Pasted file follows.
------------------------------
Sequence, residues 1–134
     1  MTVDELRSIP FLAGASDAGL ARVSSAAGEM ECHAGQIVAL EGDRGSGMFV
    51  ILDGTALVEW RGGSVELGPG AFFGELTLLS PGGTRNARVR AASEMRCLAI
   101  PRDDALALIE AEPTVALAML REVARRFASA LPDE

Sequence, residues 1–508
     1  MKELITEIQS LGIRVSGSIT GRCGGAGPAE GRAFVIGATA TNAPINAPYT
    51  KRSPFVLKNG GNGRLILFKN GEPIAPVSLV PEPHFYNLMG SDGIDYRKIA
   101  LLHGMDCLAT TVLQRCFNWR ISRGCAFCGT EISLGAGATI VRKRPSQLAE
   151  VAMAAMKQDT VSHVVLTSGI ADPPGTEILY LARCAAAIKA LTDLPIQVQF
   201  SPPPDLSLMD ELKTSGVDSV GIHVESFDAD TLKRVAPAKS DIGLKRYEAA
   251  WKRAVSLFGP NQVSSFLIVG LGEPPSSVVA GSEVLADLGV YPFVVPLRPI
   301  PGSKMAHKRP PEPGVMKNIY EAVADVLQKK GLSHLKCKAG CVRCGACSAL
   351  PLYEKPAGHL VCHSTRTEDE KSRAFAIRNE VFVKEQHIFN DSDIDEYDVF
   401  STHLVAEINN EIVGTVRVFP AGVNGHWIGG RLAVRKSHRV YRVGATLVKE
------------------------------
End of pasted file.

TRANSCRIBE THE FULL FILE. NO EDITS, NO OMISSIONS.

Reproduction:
Sequence, residues 1–134
     1  MTVDELRSIP FLAGASDAGL ARVSSAAGEM ECHAGQIVAL EGDRGSGMFV
    51  ILDGTALVEW RGGSVELGPG AFFGELTLLS PGGTRNARVR AASEMRCLAI
   101  PRDDALALIE AEPTVALAML REVARRFASA LPDE

Sequence, residues 1–508
     1  MKELITEIQS LGIRVSGSIT GRCGGAGPAE GRAFVIGATA TNAPINAPYT
    51  KRSPFVLKNG GNGRLILFKN GEPIAPVSLV PEPHFYNLMG SDGIDYRKIA
   101  LLHGMDCLAT TVLQRCFNWR ISRGCAFCGT EISLGAGATI VRKRPSQLAE
   151  VAMAAMKQDT VSHVVLTSGI ADPPGTEILY LARCAAAIKA LTDLPIQVQF
   201  SPPPDLSLMD ELKTSGVDSV GIHVESFDAD TLKRVAPAKS DIGLKRYEAA
   251  WKRAVSLFGP NQVSSFLIVG LGEPPSSVVA GSEVLADLGV YPFVVPLRPI
   301  PGSKMAHKRP PEPGVMKNIY EAVADVLQKK GLSHLKCKAG CVRCGACSAL
   351  PLYEKPAGHL VCHSTRTEDE KSRAFAIRNE VFVKEQHIFN DSDIDEYDVF
   401  STHLVAEINN EIVGTVRVFP AGVNGHWIGG RLAVRKSHRV YRVGATLVKE